Outside the obvious big-hitter sample library/virtual instrument developers, there are a whole host of smaller, indie-style developers doing their best to compete, either by offering something unique or accessibly priced. In Folio Bass, developers Channel Robot (a name new to me, but with an established product line of modestly-priced virtual instruments available through the Kontakt Hub portal) have attempted a bit of both.
Yes, on the surface, Folio Bass is ‘just’ a two-voice ROMpler-based bass synth for Kontakt (it requires the full version of Kontakt 5.8 or later) and, yes, the UI is perhaps not the most colourful of visual experiences. However, aside from an impressive, and very useable, collection of 300 core source samples from which you can build your sounds, Folio Bass has some rather cool features hidden away on its Gate and Arp pages.
I’ll get to those in a moment, but let’s start with the basics on the Designer page, shown above. Visually, this is divided into three horizontal rows of controls, but you can also consider it as a left/right vertical set where identical sets of controls are split between Voice A and Voice B. For each voice, you get a nicely organised browser to select from the core samples. These are derived from a range of original sources, including some classic analogue synths, and all recorded using a combination of tape and valve equipment to ensure plenty of analogue warmth. There is nearly 6GB of sample content in total.
As well as voice selection, the top-most row of controls provides independent volume, pitch, amp envelope, tremolo and vibrato options for each voice. The middle row provides a fairly standard set of filter options with various filter types, a filter LFO and envelope, while the bottom row provides four sends from each voice to the master effects section found on the Sends page. Each voice also has four of its own effects slots with a good range of effects options provided, and these can be configured via the Effects page. The effects found here include EQ, high-, low- and band-pass filters, vowel, formant, amp and cab simulation, various distortion and overdrive types, tape saturation, and some modulation effects. The Designer page is rounded out by an interesting Slide (like, but not identical to, note glide) option for each voice and a sub oscillator that you can blend in to taste.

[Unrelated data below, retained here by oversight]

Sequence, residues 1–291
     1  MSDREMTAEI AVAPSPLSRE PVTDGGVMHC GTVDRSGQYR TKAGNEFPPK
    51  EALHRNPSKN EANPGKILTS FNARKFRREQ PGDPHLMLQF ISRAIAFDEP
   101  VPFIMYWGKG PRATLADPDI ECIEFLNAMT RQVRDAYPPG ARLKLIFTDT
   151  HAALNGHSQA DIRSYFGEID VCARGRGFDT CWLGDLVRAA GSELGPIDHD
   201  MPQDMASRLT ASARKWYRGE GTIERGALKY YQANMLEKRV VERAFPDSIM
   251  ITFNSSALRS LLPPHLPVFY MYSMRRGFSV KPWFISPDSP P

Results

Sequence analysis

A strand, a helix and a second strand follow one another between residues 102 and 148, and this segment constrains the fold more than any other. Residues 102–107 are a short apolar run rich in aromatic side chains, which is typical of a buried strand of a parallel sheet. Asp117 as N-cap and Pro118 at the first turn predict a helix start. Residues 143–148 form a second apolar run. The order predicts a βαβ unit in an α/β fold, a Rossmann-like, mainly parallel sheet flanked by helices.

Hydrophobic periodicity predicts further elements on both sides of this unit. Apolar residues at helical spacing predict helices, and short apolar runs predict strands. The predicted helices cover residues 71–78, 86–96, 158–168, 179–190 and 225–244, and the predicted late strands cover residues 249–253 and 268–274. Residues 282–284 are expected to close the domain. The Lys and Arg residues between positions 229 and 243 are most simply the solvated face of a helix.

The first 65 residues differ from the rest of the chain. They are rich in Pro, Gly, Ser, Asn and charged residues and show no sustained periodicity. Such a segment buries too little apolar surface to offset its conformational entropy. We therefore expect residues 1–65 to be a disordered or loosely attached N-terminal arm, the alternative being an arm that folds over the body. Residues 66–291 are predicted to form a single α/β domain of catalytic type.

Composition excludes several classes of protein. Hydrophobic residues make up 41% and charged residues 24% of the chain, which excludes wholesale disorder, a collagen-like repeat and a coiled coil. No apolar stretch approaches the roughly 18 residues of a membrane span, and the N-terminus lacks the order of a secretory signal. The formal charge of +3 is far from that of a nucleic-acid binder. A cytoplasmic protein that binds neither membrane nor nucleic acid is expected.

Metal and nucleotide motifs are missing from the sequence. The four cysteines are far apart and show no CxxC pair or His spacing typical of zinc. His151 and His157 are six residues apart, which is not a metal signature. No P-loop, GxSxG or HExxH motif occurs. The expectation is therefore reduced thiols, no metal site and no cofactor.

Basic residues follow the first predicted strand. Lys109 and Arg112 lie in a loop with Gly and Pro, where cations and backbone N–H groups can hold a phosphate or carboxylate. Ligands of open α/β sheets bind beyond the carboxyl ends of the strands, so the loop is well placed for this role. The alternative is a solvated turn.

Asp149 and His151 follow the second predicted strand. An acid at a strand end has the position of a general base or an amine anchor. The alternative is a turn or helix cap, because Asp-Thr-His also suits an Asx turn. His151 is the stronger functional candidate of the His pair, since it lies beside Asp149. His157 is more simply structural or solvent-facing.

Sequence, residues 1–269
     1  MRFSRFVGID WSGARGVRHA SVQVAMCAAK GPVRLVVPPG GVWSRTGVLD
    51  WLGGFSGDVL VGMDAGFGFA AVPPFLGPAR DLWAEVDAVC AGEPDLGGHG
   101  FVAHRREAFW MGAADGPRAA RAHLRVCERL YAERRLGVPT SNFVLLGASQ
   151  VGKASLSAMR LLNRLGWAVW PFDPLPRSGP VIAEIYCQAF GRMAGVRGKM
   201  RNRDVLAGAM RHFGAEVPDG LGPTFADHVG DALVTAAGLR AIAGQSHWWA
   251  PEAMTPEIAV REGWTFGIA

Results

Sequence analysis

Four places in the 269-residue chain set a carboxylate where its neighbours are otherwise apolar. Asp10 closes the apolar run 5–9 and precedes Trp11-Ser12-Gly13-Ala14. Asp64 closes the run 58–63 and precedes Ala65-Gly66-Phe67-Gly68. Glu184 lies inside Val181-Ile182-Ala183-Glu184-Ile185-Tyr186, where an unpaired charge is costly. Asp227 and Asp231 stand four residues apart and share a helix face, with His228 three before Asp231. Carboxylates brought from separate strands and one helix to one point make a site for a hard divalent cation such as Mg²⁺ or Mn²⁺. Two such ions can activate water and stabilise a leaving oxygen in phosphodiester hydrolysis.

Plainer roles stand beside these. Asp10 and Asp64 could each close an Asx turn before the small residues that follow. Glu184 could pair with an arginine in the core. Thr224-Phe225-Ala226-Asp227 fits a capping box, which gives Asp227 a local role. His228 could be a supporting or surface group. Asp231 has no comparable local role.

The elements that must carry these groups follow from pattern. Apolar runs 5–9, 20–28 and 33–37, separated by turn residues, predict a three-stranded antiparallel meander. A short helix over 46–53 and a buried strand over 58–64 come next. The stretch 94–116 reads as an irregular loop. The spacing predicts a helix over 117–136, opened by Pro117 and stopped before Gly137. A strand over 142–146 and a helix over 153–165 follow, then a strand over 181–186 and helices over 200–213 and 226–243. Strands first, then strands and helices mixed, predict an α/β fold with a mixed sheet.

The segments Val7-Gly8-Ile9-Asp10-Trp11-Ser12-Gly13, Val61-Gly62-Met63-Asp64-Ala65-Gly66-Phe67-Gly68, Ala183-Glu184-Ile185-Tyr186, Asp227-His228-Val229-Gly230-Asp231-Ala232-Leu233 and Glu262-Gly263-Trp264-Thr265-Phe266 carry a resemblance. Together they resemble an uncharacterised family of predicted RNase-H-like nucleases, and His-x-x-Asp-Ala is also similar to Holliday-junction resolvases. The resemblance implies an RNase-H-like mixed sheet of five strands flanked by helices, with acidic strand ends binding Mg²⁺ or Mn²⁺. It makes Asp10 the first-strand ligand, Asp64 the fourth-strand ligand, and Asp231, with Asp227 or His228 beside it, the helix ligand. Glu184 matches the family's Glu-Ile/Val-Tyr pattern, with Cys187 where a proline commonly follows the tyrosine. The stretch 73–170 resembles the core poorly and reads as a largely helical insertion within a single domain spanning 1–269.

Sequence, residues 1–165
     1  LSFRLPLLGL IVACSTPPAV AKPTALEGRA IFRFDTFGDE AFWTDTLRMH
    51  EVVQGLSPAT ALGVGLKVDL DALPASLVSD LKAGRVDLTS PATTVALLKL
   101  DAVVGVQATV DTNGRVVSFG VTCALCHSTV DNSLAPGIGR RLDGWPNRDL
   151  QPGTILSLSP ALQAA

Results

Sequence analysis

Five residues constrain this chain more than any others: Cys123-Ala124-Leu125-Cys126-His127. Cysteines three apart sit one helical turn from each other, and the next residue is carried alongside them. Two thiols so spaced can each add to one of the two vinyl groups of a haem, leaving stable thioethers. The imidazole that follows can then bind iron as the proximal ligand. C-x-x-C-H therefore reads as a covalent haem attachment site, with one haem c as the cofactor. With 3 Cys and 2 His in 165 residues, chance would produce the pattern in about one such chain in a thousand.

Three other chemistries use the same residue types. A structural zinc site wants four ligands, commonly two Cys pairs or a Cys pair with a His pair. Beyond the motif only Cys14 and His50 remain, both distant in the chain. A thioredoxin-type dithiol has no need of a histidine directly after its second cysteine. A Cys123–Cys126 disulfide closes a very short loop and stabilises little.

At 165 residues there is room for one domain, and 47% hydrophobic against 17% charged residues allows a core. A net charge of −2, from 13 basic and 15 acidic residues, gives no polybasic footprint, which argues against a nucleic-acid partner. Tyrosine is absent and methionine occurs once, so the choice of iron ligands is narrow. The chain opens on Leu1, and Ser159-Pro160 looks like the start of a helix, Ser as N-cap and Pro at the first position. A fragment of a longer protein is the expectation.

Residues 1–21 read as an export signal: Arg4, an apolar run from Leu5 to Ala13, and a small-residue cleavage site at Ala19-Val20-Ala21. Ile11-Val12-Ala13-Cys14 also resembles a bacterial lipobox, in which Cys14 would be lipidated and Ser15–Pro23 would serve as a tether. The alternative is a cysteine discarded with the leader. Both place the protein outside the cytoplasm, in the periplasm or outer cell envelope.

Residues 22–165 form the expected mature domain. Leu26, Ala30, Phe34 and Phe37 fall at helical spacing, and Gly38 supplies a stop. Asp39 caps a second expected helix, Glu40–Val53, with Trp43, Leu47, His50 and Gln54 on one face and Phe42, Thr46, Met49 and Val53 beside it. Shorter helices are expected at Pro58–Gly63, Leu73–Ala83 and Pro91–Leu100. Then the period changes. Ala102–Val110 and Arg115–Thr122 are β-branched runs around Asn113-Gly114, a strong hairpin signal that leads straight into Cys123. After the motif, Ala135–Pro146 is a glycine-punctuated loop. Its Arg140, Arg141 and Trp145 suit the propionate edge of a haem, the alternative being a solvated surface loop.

So far, so normal(ish). However, it’s when you flip to either the Gates or Arp pages that things get a little more unusual. The Gates page offers two ‘gates’ per voice. In fact, these are actually step-based pattern grids that you can use to modulate various synth parameters. They can do ‘gate’ because one of the parameters you can control is volume, but other options include various filters, drive, lo-fi and a rotary effect. The potential here is impressive and, as each gate can have both different tempo and step settings, there is all sorts of complex sound shaping available.
The Arp page is equally quirky. The arpeggiator provides individual pattern lanes for up to eight notes, with the lowest note controlled by the lane for Note 1, the second lowest note by Note 2, etc. These assignments will change if you add notes to those currently playing. What’s more, amongst other options such as pan and transpose, each lane can have a different step count (between one and 16 steps) so you can get all sorts of very interesting polyrhythmic arpeggio effects. Yes, it does take a little while to adjust to the slightly different approach to constructing an arpeggio, but it is very creative. It’s perhaps a shame that more of the Snapshot presets don’t make obvious use of this element of the engine, and perhaps that a few more arpeggiator presets are not included. Maybe this will be something worth considering for the first major update?
And how does this all sound? Well, pretty impressive actually and, in terms of both sonics and variety, Folio Bass punches well above the weight its price tag suggests. As the name suggests, there are some beefy bass tones to be had amongst the Snapshot presets, but don’t let that stop you knocking out some chords or lead lines either. It also seemed to be pretty solid from a technical perspective during my own testing via Kontakt within Cubase 9.5.
I’ve used prettier virtual instruments, but Folio Bass sounds great and offers some very interesting sound-design and performance options that are not too intimidating to the new user. Well worth auditioning if you are happy to dip into the indie developer marketplace.